22nd January 2021 Blog

Design for Manufacture (DFM) is a crucial process of optimising a part or product to make it easier, faster, more efficient and cheaper to manufacture. It enables any potential issues with the design to be identified well before manufacturing begins, this is particularly important where parts are to be produced in high volume.

The Design for Manufacture Process

DFM is a holistic approach which looks at the product design in its entirety and follows five key principles:

  1. Process

    This involves analysing the current processing methods used to produce the part. DFM teams will ask whether they are the most efficient/ cost effective processes. Sometimes parts are over processed, resulting in an unnecessary cost for the customer and DFM will aim to minimise secondary processing. For example, a part may be laser cut and then punched. By using a Punch/ Laser combination machine these two processes can be combined, reducing cost and opportunities for error.

  2. Design

    The original manufacturing drawings are inspected and analysed to check that they conform to good manufacturing principles. Unnecessary specifications or high tolerances can be removed or adjusted to reduce processing and cost and material choice is reviewed. Where the same result can be achieved with different specifications, DFM will aim to suggest this change.

  3. Material

    The material choice of the product is investigated and designers will ask themselves whether there is a more effective alternative. They will look at the application of the finished product and assess material requirements such as:

    ·     
       Physical properties – Does the material need to be strong/ light/ malleable/ durable?
    ·        Visual properties – Does the material needs a certain finish such as mirrored or brushed?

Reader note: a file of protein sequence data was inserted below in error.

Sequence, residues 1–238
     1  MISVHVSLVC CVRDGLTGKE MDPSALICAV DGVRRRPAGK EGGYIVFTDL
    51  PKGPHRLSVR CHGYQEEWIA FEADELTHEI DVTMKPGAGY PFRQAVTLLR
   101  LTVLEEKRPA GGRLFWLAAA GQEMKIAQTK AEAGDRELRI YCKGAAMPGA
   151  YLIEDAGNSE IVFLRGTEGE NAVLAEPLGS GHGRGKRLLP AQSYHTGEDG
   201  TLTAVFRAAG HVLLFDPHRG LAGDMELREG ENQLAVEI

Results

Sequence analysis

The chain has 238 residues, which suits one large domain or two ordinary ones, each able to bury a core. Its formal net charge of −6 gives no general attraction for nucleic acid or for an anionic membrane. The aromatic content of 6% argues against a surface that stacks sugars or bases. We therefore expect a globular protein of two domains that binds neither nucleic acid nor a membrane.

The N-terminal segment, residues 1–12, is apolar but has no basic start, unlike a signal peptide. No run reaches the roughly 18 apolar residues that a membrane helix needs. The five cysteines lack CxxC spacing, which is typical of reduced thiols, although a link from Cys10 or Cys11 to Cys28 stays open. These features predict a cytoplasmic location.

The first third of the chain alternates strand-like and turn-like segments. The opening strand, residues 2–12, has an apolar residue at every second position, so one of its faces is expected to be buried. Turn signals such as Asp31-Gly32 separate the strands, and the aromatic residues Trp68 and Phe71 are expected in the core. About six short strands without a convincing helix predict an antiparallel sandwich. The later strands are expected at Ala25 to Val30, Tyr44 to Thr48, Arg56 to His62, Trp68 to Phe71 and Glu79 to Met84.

·        Thermal properties – Does the material need to resist or conduct heat?
    ·        Colour – What colour does the part need to be, are there other standard colour options?
    ·        Electrical properties – Does the part need to conduct or insulate against electricity?
    ·        Flammability – How flame resistant does the part need to be?

  4. Environment

    Where is the finished product likely to be located and does this require any particular materials, finish, properties or features. An example of this could be a powder coated product which is used in a harsh outdoor environment, such as street furniture in a coastal location. A high salt spray protection rating is required to increase durability.

  5. Compliance/ Testing

    DFM will assess whether there are any regulations or restrictions to consider in the design. Some sectors such as medical or automotive will require a much higher level of testing and compliance than others.

When does DFM Occur?

The Design for Manufacture process is most effective early in the product life cycle as the cost of design change is significantly lower and changes are easier to implement at this stage than later on, as shown below:

Where a product design already exists, the Design for Manufacture process aims to challenge the original concept in order to identify any areas for optimisation. This involves a deep review of the product in every aspect including manufacturing drawings, material choice, processing method and any tooling involved. In sub-contract manufacturing, this would then involve suggesting any changes to the customers.

Here at Alpha, our design and engineering teams collaborate with every customer to optimise their product design for manufacture. Whether it is a new product requiring design input from the outset, or an existing design which we can review and suggest changes.

If you’d like to discuss how Alpha can reduce costs for you by optimising your product deign for manufacture, get in touch with one of our sales engineers today.